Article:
Massachusetts Gov. Charlie Baker faces increasing pressure from labor leaders to halt all construction in the state as infections and deaths from the coronavirus mount.

In a letter, the Massachusetts Building Trades Council urged Baker, who has kept work on housing and infrastructure projects going amid the crisis, to shut down all but emergency work for the rest of the month starting April 3.

Council President Francis Callahan said the organization’s board voted unanimously for the shutdown after weeks of rising concern.

Callahan, whose group represents 75,000 building trades members across the state, said he has been getting a steady stream of reports of workers at construction sites testing positive for the deadly virus or showing signs of illness.

The reports are coming not just from union officials and workers, but also from some contractors, he said.

Callahan said the decision to call for a statewide shutdown also follows weeks of consultations with public and private health experts, as well as union members, contractors and training directors.

“It’s just a high-risk situation, where people are getting sick,” Callahan said. “We just came to realize there is no way to stop this, we can only slow it down.”

“The sooner we do this, the sooner we get people back to work and the economy going again,” he added.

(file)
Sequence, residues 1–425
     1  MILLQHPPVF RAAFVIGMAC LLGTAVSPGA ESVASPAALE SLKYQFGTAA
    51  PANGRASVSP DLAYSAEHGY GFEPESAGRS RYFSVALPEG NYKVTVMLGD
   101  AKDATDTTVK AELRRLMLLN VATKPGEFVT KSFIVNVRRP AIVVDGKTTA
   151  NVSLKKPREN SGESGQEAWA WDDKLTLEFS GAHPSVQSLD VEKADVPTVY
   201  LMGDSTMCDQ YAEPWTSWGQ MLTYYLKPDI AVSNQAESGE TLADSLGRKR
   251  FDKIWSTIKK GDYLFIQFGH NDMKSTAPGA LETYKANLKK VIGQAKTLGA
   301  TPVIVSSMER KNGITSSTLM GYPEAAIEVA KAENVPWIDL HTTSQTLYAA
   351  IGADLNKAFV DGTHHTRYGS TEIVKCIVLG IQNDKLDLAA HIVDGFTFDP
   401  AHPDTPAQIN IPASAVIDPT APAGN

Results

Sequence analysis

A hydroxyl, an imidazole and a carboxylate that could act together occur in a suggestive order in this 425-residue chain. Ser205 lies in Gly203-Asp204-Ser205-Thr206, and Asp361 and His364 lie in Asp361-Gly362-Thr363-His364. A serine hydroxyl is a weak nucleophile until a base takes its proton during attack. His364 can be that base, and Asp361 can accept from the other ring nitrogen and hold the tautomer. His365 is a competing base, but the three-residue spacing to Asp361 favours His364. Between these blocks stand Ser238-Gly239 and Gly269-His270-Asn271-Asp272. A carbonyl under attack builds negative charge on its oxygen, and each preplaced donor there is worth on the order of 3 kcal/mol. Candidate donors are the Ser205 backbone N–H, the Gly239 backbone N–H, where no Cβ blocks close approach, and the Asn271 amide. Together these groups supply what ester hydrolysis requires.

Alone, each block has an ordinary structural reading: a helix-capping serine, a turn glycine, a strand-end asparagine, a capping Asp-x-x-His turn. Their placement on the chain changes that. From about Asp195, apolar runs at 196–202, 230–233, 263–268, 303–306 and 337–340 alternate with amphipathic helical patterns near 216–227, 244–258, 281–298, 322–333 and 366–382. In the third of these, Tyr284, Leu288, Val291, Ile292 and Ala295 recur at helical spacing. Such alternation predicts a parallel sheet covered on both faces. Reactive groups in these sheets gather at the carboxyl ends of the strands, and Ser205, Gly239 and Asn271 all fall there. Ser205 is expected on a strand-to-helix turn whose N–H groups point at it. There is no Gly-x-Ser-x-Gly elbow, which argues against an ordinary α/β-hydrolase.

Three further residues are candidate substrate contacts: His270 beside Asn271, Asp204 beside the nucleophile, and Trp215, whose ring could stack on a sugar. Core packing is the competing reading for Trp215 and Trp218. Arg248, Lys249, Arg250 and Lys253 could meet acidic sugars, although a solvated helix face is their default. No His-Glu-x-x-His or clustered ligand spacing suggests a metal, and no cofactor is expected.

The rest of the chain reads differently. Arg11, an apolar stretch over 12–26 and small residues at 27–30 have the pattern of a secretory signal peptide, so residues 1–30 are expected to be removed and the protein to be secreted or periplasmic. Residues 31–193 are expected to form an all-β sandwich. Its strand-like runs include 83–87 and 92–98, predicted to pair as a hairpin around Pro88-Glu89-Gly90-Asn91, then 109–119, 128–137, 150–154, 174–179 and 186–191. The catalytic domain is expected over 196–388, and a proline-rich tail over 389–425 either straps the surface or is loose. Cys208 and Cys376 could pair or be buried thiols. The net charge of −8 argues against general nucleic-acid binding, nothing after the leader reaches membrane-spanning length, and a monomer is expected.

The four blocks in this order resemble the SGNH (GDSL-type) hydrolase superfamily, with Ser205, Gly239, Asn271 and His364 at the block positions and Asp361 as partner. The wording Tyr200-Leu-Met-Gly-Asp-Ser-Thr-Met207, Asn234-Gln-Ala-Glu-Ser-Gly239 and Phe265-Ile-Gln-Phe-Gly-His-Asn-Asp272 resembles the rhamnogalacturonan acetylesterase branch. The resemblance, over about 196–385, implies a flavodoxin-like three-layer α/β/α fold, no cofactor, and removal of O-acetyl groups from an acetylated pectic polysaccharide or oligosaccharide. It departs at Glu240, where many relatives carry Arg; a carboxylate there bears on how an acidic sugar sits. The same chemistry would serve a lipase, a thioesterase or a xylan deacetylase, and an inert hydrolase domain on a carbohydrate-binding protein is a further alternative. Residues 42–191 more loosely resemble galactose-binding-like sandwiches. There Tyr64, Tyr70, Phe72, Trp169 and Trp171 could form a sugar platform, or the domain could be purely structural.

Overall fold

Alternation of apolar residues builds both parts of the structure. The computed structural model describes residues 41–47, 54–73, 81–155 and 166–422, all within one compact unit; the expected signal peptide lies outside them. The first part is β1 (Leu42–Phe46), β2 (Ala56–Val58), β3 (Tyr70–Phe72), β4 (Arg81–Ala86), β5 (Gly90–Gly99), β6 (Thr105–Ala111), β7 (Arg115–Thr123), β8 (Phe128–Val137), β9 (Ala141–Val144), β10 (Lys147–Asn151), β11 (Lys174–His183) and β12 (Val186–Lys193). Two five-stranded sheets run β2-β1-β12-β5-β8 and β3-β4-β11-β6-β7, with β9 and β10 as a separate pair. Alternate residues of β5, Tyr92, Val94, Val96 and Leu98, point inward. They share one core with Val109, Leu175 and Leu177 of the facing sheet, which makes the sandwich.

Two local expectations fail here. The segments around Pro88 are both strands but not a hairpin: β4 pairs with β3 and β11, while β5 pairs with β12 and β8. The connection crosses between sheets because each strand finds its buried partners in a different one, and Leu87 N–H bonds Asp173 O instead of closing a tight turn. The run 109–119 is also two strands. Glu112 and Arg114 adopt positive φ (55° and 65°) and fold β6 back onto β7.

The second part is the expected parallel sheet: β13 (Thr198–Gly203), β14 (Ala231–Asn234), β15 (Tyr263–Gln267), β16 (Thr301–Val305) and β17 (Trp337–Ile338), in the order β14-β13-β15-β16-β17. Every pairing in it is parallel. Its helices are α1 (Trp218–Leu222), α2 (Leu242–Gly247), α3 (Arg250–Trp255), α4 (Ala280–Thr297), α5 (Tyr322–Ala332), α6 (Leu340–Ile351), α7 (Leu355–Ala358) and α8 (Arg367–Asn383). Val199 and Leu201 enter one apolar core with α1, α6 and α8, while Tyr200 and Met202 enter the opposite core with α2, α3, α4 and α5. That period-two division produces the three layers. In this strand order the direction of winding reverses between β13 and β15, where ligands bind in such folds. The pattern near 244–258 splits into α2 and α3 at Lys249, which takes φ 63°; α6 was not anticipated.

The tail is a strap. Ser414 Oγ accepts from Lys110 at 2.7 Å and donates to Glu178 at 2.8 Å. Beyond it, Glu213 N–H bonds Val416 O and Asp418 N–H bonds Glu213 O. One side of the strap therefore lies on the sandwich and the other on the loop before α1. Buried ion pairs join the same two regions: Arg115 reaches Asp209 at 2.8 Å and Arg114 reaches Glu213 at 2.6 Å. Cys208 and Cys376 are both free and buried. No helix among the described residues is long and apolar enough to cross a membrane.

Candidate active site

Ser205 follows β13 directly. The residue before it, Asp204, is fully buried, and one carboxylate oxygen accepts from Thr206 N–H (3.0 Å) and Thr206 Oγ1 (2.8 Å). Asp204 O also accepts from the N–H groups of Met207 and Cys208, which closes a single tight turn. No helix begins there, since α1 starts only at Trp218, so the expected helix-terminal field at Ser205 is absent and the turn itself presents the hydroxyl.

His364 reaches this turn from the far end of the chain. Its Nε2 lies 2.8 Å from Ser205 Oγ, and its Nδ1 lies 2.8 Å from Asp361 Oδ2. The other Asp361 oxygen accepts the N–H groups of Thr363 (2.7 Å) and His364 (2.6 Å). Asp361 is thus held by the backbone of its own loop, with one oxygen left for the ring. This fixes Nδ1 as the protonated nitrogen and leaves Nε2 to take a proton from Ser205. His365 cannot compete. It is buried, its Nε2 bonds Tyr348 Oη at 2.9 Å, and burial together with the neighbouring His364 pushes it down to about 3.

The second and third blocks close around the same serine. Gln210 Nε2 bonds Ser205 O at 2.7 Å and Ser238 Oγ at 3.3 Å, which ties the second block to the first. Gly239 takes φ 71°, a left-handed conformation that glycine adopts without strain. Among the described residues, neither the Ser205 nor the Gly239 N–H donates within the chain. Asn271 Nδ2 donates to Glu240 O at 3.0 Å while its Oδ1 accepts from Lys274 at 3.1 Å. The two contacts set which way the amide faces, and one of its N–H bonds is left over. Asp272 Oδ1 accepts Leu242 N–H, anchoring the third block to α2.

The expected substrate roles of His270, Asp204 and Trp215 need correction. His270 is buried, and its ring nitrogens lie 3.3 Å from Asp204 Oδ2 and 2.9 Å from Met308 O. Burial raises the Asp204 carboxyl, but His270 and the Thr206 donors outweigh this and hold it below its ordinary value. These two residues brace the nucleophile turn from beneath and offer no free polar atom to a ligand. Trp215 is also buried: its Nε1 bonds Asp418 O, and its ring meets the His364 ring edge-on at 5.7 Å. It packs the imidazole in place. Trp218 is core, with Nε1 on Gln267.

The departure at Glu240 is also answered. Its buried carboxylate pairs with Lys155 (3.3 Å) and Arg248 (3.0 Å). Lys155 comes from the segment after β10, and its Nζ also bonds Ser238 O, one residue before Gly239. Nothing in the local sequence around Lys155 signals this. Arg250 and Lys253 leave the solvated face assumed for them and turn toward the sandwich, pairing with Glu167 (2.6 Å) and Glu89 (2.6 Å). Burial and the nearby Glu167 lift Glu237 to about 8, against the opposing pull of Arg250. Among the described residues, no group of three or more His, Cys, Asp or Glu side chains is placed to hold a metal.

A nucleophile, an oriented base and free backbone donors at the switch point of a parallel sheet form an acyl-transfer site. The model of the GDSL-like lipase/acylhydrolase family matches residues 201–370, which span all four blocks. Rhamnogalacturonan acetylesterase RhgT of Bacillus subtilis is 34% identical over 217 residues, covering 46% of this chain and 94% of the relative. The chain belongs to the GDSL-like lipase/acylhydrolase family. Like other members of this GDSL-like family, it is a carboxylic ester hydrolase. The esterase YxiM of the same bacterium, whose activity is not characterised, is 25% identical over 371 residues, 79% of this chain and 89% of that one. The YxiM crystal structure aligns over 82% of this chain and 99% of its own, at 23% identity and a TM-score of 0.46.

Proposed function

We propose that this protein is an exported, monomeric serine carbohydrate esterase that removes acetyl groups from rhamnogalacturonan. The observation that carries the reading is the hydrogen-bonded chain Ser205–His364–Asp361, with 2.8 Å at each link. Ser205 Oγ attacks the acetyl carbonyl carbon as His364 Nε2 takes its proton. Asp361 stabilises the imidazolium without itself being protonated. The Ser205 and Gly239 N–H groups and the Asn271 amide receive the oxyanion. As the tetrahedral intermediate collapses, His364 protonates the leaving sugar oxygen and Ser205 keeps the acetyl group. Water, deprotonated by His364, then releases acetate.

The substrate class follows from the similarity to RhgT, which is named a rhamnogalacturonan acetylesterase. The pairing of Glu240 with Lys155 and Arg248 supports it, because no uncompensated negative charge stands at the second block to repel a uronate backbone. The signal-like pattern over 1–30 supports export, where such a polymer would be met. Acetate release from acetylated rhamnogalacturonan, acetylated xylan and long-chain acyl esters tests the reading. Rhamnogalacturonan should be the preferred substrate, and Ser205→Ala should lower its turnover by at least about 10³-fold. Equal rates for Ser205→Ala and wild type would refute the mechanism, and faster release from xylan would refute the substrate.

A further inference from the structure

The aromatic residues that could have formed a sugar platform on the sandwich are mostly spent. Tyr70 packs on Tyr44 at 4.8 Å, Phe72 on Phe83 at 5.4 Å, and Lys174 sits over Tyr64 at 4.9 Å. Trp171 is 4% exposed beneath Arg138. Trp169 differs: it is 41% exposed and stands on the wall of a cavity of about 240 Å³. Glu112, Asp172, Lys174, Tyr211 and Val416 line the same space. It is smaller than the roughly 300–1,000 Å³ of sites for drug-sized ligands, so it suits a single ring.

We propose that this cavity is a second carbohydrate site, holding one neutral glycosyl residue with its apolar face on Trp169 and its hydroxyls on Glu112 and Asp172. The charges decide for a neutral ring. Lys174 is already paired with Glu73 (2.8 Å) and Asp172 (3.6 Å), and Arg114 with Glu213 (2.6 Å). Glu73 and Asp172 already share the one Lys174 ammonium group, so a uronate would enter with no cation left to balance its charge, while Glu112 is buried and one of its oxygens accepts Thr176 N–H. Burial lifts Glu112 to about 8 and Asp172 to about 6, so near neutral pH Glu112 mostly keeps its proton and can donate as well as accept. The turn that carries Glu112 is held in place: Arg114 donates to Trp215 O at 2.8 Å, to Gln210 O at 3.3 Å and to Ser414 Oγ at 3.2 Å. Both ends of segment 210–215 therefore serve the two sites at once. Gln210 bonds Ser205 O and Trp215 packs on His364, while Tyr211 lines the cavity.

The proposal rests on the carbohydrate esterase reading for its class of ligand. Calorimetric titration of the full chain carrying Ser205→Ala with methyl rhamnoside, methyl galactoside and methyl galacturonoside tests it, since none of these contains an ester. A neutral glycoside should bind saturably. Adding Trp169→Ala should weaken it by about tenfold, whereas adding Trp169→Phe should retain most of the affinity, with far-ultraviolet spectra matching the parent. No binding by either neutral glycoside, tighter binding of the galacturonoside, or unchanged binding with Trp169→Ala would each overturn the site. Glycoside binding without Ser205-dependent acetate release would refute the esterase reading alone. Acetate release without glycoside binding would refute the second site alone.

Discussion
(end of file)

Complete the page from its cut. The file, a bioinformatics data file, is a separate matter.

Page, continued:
A spokesperson for the governor was not immediately available for comment.

However, the Massachusetts Building Trades Council’s push comes amid a standoff between Baker and local officials, led by Boston Mayor Martin J. Walsh, on whether to shut down construction sites in a bid to stop the spread of the coronavirus.

Walsh, a former top construction trade union official, thrust the issue into the headlines more than two weeks ago, when he ordered a halt to all construction in Boston amid a building boom, a decision that affected nearly 200 projects across the city.

Other local cities have followed suit, including Cambridge and Somerville.

The governor has backed off an initial attempt to force cities and towns to drop their individual bans and follow the state’s lead, which had included a letter from the administration’s top lawyer.

Baker has also tightened rules on what construction can be considered essential, narrowing it to new housing, mixed-used projects with housing, and public infrastructure.

Construction of new office, lab and retail space no longer is considered essential.

Contractors and developers with projects on state land or under state supervision also were required to shut down on March 27 and review coronavirus safety and cleaning protocols.

Greg Vasil, CEO of the Greater Boston Real Estate Board, said his organization, whose members include developers and building owners, stands by Baker’s decision to keep housing and infrastructure projects going.

Instead of a blanket ban, projects should be reviewed on a case-by-case basis.

“We know we have a housing crisis in the Commonwealth we don’t have enough units,” Vasil said. “If we can keep some projects going, it is going to benefit us in the end.”

But Callahan contends the governor’s order “does not go far enough” and that the union seeks something “much more comprehensive.”

“The only way to protect the health and safety of our members, their families and of the general public is to keep people apart,” he said. “It is impractical and, in many cases, impossible to safely work.”